This past special session of the West Virginia Legislature was highlighted by the squabbling over a campaign finance bill.
The session ran several days longer because of it, perhaps costing taxpayers another $120,000. The disagreement was along Democrat and Republican party lines and each side blamed the other for lengthening the session.
The bill amends a 2005 law that required the disclosure of contributions for advertising that clearly identified a candidate within 30 days of a primary and 60 days of a general election. The Center for Individual Freedom of Virginia challenged the law and in April U.S. District Judge David Faber ruled non-broadcast ads are exempt and the law was unclear for mailings, phone calls, leaflets and e-mails. The center, which intended to run ads in the Supreme Court and attorney general races, promised to fight the new law, too.
Republicans claimed Democrats in the Legislature were protecting Attorney General Darrel McGraw in his re-election campaign against Dan Greear and were trying to defeat Beth Walker, a Republican running for Supreme Court, in the November election. Sen. Vic Sprouse, R-Kanawha, called the legislation the Darrell McGraw Re-election Act of 2008. That's good. I liked that.
Sprouse points out that Delegate Carrie Webster, D-Kanawha, House judiciary committee chairman, who supported the bill, has several conflicts of interest: her law partner got a contract from the attorney general and her husband works for McGraw and makes $90,000 a year.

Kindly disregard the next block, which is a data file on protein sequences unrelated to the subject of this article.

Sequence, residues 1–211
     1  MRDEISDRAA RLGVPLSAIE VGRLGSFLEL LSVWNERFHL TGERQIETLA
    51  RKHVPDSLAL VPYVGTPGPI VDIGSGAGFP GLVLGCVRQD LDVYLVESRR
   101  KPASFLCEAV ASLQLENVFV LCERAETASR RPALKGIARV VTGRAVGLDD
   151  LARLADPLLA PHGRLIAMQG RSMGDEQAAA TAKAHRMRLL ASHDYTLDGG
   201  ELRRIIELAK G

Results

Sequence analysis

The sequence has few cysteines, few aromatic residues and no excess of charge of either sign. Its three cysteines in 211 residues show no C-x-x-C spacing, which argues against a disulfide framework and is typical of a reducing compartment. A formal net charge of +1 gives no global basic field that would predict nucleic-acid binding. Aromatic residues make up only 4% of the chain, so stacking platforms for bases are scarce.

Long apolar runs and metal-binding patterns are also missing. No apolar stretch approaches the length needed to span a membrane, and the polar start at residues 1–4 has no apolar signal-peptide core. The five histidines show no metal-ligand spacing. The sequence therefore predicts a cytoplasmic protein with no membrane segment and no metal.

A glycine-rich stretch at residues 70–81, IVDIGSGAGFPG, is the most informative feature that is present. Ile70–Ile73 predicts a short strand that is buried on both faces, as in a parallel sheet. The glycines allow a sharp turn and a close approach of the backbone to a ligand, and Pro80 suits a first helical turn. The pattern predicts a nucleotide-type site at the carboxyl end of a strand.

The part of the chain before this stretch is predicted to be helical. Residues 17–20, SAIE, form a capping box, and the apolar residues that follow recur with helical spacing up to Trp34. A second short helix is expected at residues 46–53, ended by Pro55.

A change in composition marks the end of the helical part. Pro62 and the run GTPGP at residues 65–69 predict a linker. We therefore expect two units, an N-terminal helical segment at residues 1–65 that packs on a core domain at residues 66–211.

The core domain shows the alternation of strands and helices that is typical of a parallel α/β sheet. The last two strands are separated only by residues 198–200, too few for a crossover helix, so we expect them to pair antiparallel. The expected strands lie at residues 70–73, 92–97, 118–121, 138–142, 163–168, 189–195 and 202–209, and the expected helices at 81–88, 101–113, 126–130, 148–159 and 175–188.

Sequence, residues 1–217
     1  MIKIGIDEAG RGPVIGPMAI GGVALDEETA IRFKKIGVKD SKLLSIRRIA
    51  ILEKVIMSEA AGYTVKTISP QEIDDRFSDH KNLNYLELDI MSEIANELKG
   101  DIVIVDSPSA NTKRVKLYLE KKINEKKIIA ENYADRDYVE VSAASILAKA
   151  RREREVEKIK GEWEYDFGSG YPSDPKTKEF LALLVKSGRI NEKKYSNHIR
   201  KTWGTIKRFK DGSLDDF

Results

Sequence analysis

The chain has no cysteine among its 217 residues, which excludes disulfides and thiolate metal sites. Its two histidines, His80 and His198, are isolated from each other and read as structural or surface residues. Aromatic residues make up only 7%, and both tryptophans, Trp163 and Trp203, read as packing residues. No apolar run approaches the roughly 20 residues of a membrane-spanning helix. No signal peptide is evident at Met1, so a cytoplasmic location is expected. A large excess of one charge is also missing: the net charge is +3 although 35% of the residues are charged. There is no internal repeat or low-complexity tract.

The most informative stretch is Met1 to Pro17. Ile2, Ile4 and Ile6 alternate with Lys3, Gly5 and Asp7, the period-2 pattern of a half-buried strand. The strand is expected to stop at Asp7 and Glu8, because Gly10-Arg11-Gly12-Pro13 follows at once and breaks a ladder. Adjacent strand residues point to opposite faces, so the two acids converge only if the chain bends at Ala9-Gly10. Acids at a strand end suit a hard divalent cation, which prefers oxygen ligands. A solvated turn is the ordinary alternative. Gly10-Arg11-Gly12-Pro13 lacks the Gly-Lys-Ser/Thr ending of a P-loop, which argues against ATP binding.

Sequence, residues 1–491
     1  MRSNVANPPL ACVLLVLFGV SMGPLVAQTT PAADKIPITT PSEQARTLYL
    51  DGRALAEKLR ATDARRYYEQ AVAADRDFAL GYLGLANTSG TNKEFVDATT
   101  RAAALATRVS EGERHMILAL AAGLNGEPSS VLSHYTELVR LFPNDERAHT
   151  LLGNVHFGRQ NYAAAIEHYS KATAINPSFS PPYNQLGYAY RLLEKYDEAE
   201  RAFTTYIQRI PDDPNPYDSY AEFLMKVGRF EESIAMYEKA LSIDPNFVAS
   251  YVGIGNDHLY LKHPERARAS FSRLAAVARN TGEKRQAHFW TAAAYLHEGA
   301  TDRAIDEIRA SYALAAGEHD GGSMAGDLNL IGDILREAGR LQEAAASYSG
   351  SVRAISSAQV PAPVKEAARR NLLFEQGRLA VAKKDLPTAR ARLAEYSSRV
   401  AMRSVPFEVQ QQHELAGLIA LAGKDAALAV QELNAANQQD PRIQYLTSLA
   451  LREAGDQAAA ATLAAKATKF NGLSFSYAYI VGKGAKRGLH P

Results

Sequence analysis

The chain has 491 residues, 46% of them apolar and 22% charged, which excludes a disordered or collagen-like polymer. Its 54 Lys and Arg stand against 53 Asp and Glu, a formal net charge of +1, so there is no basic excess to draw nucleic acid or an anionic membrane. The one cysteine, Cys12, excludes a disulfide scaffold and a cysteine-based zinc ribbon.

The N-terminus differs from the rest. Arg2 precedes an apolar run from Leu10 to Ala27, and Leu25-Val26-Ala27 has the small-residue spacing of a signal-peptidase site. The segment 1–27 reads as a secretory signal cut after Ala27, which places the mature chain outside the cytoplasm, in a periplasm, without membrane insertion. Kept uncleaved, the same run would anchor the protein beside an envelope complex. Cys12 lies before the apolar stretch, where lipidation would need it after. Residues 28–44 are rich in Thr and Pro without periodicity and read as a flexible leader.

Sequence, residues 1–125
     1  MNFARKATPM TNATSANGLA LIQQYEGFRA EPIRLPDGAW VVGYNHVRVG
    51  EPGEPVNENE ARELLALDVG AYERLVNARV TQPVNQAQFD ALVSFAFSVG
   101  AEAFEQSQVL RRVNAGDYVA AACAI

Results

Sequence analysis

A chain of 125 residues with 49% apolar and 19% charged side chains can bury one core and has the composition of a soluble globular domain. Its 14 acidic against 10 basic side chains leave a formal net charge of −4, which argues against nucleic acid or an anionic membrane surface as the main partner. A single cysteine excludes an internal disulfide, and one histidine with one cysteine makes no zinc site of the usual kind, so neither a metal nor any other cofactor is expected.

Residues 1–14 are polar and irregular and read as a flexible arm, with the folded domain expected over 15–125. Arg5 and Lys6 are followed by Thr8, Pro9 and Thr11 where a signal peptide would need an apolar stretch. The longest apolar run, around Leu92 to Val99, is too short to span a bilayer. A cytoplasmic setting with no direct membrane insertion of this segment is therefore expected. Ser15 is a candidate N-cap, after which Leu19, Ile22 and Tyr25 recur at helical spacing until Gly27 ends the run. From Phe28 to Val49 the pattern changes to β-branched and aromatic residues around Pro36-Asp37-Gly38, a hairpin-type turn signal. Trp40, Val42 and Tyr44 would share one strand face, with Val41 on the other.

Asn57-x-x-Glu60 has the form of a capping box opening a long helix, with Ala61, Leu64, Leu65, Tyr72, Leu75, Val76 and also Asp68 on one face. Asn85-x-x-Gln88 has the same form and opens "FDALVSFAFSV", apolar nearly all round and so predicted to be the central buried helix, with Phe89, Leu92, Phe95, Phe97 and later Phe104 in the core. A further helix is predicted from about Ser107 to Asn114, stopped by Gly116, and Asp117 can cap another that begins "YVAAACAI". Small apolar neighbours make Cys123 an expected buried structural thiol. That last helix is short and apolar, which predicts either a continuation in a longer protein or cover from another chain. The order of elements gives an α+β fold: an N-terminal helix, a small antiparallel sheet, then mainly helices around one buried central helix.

If Webster has a conflict of interest, so does Sprouse, who owns Sprouse Consulting, which is working for Greear's campaign. I perused Greear's campaign finance disclosures to date and saw more than $40,000 spent with Sprouse Consulting, however, much of that was for campaign-related costs. Anything Sprouse can do to help Greear's campaign can't hurt his company.
What's the difference between Webster and Sprouse? None. Sprouse says he never made it a secret, but that doesn't mean the conflict doesn't exist. Sprouse and Webster both should have removed themselves from the proceedings.
Republicans opposed the bill because they believe disclosure will hurt them and they may be right. In 2004, Don Blankenship of Massey Energy was a major financier of the campaign by For the Sake of the Kids to defeat the liberal Supreme Court Justice Warren McGraw, Darrell's brother. Four years later Blankenship may be the most disliked man in West Virginia. Justice Spike Maynard couldn't survive the Monaco vacation photos with Blankenship and lost the May primary for a second term.
Campaign disclosure ought to be a good thing, a non-political thing. However, the most logical argument I've heard against the bill came from Delegate Craig Blair, R-Berkeley. Republicans supported the 2005 law, but things have changed, he said.
"Unlike our Democrat counterparts, and unlike their chairman, Nick Casey, most Republicans have paid attention to changing circumstances," Blair said. "A federal judge shot down a large part of the 2005 bill. The United States Supreme Court just this week made it clear that compelling disclosure for the sake of compelling disclosure will not likely hold water."
Contact Jess Mancini at firstname.lastname@example.org